in Traditional Turkish Families
Sünnet (a Turkish word used here in its sense of 'Ritual or Ceremonial Circumcision') -- marks the passage from childhood to manhood for the majority of young Turkish males.
While Modern Turkish couples (in the larger cities) have begun opting to have their sons
circumcised at birth by a doctor in a hospital setting, Traditional Turkish
parents still wait until their boys are 'ready to pass into manhood'.
Generally speaking, the sons of Traditionalists may be as young as age 6 and usually no older
than age 9 (with lots of exceptions to that particular circumcision-rule) -- before their parents
arrange and oversee the ceremonial circumcision.
The last circumcision ceremony I attended was for the son (Celal, aged 7 at the time) of our
friend Nevzat. By chance, my own son Jamie (who was visiting from London at the
time) attended with me. After Celal's circumcision operation was completed (in the privacy of
his bedroom by a licensed Sünnetçi practitioner), the celebrations began. Jamie and I stayed to pay our respects to a beaming Nevzat, pin some gold on Celal's shirt, chat with the other guests, and drink
Ceremonial Circumcisions in Turkey are planned and carried out with a great deal of fanfare.
On the morning of Celal's big day, for example, Nevzat arranged a slow car-parade (led by a
raucous Turkish band of drums and clarinets) for his son through their village (near Gümüldür). Later, after the circumcision had been performed, everyone retired to the celebration location
(a hotel restaurant) where food and drink were served -- while the 'New Man' (who was
propped up 'comfortably' on a pillowy seat-of-honor), looked on bewildered, as well-wishers took turns greeting him and leaving their gifts.
Part and parcel of the ceremony is the young man's ceremonial circumcision costume -- which comes in a variety of styles to fit the tastes (and the financial needs) of both paupers and kings.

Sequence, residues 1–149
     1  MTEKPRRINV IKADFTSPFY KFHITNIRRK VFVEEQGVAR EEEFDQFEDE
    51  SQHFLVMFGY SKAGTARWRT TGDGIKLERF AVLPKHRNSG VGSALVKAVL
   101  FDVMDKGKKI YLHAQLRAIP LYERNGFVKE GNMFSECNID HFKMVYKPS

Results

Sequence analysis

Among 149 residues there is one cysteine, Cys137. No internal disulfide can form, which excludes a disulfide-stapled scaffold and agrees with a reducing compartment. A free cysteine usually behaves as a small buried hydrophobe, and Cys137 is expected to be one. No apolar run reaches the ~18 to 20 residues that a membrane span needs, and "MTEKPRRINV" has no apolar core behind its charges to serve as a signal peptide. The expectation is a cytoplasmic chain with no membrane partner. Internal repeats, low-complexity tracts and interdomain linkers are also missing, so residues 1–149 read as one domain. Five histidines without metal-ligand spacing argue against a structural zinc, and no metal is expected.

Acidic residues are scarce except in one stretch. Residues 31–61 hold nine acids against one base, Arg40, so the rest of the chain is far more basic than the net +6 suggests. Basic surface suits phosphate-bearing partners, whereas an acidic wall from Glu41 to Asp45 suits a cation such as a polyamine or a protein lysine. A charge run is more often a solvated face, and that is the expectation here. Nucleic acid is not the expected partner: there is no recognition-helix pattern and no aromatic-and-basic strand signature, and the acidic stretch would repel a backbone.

Thanks to Hürriyet Gazetesi
In Turkey - Türkiye'de
Ads by HepsiBurada
From left to right above, we see the top-of-the-line "Sultan's Costume" (about USD$160),
the "Standard Costume" (about USD$110), and
the "Bargain-basement" Costume (about USD$40).
These stylish costumes aren't just for sünnet-bound Turkish boys, as it turns out. They've also attracted the attention of foreign tourists (and their youngsters) who like the festive outfits, regardless of their normally intended use.
For example, when French chanteuse Jane Birkin
(famous for her sexually explicit 1969 duet, "Je t'aime", with then-lover Serge Gainsbourg) performed at the Istanbul Jazz Festival, she purchased a circumcision costume from the Covered Bazaar for her 9 year-old grandson. Just because they both liked its fashion...
Posted by Ben | June 10, 2006
I'm praying that Turkish society hasn't succumbed to
the evil of "female circumcision." I know that it is not a practice
from Islam, but neighboring cultures can seduce.
Jim and Peri's Reply | June 11, 2006
You're correct in your thinking, Ben... female circumcision is considered barbaric in Turkey, just as in most other parts of the world. But we'll add your comment (and our reply), just so that other LPT site visitors know that too.